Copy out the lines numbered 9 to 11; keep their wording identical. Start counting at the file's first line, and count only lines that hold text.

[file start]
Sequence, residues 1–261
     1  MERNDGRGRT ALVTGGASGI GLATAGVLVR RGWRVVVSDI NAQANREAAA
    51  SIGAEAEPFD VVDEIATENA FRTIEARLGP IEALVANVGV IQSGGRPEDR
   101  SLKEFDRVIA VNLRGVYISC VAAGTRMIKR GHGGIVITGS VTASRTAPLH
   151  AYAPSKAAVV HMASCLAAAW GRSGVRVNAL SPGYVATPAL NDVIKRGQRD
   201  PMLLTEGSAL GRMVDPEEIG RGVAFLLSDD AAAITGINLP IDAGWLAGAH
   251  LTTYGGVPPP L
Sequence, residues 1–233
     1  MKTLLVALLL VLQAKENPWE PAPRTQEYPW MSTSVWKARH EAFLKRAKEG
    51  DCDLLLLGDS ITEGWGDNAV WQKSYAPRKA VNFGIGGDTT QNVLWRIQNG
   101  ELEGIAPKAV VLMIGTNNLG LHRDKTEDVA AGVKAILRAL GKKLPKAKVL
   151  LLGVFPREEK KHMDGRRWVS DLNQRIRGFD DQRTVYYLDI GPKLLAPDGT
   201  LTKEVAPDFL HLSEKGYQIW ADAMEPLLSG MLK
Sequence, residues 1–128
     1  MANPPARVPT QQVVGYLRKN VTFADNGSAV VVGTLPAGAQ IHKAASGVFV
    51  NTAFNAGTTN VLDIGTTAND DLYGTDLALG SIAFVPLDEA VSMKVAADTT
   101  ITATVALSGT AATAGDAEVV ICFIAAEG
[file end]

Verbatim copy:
     1  MKTLLVALLL VLQAKENPWE PAPRTQEYPW MSTSVWKARH EAFLKRAKEG
    51  DCDLLLLGDS ITEGWGDNAV WQKSYAPRKA VNFGIGGDTT QNVLWRIQNG
   101  ELEGIAPKAV VLMIGTNNLG LHRDKTEDVA AGVKAILRAL GKKLPKAKVL